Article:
Comprehension Strategy Linky

Wednesday, I wrote up a blog post about Reciprocal Teaching, and since then, I've been thinking that this might be a good topic for a linky...Comprehension Strategies.  I've enjoyed following and connecting up with lots of reading specialists and classroom teachers (who love teaching reading) over the past few months, and I've loved learning and sharing all of the wonderful ideas I've gotten from them.  Why not connect up to have a set of links to new ideas in one place?  

With this linky, my idea is for the blogger to write up information about the reading strategy that he/she enjoys using (give it a name for the linky tool) and share a freebie and/or paid product, add the link to the blog post, and upload your blog button for the picture.   I am setting up the linky as a blog hop so you can post the list of links to the bottom of your post to help readers find the links to other reading strategy ideas, so copy and paste the code into your blog post too.  If you have questions, you can email me at the address to the right.

Now, on to the strategies I'd like to share...

For my students, I work hard to build motivation and interest in the topic we're reading about.  Whether the book I'm using is fiction or nonfiction, there is typically a related theme.  I love using cooperative groups and discussion to get my students talking about the topic as several heads are better than one since each child has different experiences.  As a before and after reading activity, one activity I like to use is Give One, Get One.  You can list descriptors in each box, and students get with each other to exchange the information.  It might be used to get answers to comprehension questions after reading too. The sample page I gave you is for use with The Relatives Came by Cynthia Rylant.  This activity could also be used for Grandparents Day if you have that at your school.  The strategy works like this.  Each student is given the page, and when time has begun, students locate a friend to sign his/her form and provide the information in the block.  Once they've exchanged ideas, the students move on to another friend.  This continues until all of the information is gathered sort of like a scavenger hunt.  When time is called, the whole group discusses what was learned.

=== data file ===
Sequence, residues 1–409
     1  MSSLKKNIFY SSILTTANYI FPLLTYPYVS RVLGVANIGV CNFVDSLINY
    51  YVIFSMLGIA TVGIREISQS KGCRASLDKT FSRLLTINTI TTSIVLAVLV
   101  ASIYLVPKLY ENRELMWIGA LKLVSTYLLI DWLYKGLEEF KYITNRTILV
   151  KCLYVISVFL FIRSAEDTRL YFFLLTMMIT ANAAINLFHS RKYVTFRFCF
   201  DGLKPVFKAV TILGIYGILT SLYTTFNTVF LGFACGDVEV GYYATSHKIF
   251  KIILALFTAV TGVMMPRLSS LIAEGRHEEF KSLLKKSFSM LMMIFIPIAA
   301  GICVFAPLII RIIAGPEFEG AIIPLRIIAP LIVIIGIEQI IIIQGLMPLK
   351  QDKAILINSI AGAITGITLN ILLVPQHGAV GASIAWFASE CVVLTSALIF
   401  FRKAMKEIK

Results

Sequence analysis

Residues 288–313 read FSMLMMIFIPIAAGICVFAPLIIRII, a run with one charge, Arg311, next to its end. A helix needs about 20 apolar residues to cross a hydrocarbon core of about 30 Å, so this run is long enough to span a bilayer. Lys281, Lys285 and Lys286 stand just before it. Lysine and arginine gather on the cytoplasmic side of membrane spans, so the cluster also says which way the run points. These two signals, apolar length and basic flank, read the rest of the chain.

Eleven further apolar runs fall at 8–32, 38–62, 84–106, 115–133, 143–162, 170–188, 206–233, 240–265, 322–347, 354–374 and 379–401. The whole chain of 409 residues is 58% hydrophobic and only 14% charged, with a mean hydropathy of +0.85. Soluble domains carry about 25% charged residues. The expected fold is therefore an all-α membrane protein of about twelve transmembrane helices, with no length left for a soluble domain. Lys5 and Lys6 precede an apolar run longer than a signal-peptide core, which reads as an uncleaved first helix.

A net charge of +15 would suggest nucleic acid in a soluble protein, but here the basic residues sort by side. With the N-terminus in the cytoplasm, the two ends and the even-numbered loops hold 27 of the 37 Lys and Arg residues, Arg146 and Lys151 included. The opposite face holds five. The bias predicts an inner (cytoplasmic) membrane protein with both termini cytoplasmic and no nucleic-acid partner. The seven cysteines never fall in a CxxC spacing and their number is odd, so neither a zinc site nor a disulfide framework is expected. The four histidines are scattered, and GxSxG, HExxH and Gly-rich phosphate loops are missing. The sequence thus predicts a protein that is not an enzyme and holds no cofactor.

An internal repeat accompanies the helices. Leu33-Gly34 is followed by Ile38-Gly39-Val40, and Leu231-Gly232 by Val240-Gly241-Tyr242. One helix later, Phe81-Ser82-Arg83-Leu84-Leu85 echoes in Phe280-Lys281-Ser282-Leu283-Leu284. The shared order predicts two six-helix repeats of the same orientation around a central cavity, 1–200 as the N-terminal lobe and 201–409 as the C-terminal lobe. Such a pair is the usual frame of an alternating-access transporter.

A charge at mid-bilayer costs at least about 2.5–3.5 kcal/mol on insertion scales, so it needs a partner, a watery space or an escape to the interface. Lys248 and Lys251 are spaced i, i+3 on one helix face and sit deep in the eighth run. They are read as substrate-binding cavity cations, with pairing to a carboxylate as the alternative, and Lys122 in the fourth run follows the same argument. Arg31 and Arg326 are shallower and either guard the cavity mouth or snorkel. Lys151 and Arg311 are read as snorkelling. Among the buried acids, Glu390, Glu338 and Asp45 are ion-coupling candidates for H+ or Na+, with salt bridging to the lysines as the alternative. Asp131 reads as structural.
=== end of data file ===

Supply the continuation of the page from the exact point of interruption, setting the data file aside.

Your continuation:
Another fun brainstorming idea is a word splash.  Word splashes are basically an open space where the student writes graphite style any words related to the topic.  I've done two styles of word splashes. One is called Inside/Outside Circles.  This allows two related topics to be explored such as camping and fishing or soccer and football.  Again, students can work in pairs or groups to brainstorm related vocabulary.  No words are incorrect if the student explains his/her thinking.  These work well for during and after reading too (students just add new words to their lists), and they can use the word bank for post reading responses.  The other form I thought I'd share is just a simple word splash for one topic. With the sample I shared, the topic is frogs.  Students might include words like sticky tongue, slimy, amphibian, pond, and lily pad.   

If you like these activities, I do have several comprehension related products available in my Teachers Pay Teachers store you might check out.  The first are the comprehension workmats I have uploaded for during and after reading.  They can be printed, laminated and bound for use with small groups or in partners or used individually as a graphic organizer.  

I also have a collection of before, during, and after reading activities I've put together in this set.  It included 50 pages of activities for fiction and nonfiction.  Here's the link to that product.

What strategies do you enjoy? Share your ideas in the comments.

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